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Jul 28, 2022 Eleanor Eagan

Lawmakers Aren’t Disclosing Their Next Jobs

Despite a disclosure law, the Honest Leadership and Open Government Act, only one of 56 retiring members of Congress has filed reports on their potential new jobs this election cycle.
Honest Leadership and Open Government Act
(AP Photo/J. Scott Applewhite)

A 2007 law requires retiring lawmakers to notify a congressional ethics committee when they begin negotiating for a new job. But in the 15 years since the law took effect, more than 500 federal lawmakers have retired, with many taking lucrative gigs as lobbyists, lawyers or trade association officials — and only 18 departing representatives and senators have filed such disclosures, according to a review by The Lever.

This year promises to be no different. Fifty House members and a half-dozen senators have announced plans to retire; only one outgoing representative has notified an ethics panel about his post-congressional job prospects. Loopholes in the 2007 ethics law and a lack of enforcement have allowed retiring lawmakers to routinely negotiate future jobs with corporate lobbying firms without ever notifying the public whom they are supposedly still representing.

The Honest Leadership and Open Government Act (HLOGA) was passed in 2007, largely as a result of the post-congressional activities of former Rep. Billy Tauzin, a walking conflict of interest who crafted health care legislation that steered billions of tax dollars to members of drug industry lobbying powerhouse Pharmaceutical Manufacturers Association (PhRMA). Tauzin, a Louisiana Democrat-turned-Republican lawmaker, retired in 2005 to take a $2 million job with the lobbying group — one day after his congressional term expired. His compensation had risen to $11.6 million when he left Big Pharma in 2010.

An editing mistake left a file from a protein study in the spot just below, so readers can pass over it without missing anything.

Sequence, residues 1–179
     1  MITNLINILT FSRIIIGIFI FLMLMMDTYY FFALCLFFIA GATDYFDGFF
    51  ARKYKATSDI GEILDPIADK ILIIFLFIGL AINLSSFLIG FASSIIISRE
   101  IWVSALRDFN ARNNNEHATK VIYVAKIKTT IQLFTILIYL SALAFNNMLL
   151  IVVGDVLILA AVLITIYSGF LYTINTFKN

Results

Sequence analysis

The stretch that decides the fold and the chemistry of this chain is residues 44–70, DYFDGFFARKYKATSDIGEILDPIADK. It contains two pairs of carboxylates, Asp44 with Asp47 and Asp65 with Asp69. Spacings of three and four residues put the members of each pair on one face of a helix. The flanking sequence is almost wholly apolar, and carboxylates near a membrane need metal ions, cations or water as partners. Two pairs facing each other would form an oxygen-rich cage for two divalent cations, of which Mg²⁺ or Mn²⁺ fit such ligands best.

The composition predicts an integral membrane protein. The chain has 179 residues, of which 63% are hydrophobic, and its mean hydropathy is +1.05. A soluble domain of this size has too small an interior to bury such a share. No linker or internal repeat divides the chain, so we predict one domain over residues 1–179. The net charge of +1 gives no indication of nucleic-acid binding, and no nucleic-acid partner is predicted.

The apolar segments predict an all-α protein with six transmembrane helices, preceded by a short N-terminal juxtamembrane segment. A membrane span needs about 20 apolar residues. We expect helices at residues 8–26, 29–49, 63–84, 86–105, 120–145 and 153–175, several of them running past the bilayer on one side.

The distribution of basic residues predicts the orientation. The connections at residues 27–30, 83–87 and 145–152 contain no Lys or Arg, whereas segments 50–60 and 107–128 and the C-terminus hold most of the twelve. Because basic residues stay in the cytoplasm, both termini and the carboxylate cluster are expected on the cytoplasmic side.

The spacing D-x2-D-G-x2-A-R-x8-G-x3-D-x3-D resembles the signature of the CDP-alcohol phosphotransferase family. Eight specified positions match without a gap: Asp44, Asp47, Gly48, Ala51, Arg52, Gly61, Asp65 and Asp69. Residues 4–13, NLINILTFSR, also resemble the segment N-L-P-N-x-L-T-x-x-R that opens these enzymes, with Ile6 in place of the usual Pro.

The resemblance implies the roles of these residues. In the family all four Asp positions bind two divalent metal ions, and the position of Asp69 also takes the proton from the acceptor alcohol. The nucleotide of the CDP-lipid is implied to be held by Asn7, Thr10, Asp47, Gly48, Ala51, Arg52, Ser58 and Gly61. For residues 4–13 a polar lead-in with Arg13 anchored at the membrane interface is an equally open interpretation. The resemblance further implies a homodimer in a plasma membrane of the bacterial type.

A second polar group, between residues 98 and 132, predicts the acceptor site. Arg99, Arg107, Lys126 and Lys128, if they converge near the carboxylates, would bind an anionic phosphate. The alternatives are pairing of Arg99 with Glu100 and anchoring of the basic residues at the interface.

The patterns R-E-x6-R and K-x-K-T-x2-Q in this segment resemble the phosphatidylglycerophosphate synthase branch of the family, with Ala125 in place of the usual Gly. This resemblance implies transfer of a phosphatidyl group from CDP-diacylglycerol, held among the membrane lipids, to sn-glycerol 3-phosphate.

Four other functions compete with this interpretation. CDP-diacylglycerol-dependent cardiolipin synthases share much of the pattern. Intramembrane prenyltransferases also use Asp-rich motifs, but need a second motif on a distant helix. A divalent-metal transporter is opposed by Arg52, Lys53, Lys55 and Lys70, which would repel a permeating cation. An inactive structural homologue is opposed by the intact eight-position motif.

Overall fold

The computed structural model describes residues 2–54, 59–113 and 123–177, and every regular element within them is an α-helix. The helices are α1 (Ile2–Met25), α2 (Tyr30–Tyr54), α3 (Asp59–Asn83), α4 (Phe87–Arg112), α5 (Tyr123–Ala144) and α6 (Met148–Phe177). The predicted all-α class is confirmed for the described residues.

Tauzin was the most egregious example. He was far from the last.

So far this election cycle, at least 56 lawmakers have said they’re retiring. If previous election cycles are any guide, the largest share are likely to join the influence industry on K Street.

Under HLOGA, all retiring representatives who plan on working after they leave Congress must notify the House Ethics Committee within three days of starting negotiations for future employment. Disclosures, however, are only made available to the public when they are accompanied by a commitment to recuse from matters that could pose a conflict of interest.

The rules differ slightly in the Senate, where lawmakers are barred from negotiating for jobs involving lobbying activity until their successor is elected. For non-lobbying jobs, outgoing senators are required to notify the Senate Secretary of negotiations within three days.

During the most recent election cycle, at least one member didn’t wait until the end of his term to join the influence industry ranks; former Rep. Filemon Vela (D-Texas) retired early in March to join Akin Gump Strauss Hauer & Feld, D.C.’s second-largest lobbying firm.

While the “revolving door” between Congress and lobbying firms is generally deemed a scourge of democracy, Vela was the first congressman to file HLOGA paperwork since 2014. He also recused himself from legislation that could pose a conflict of interest in January 2022, something very few retiring lawmakers have bothered to do.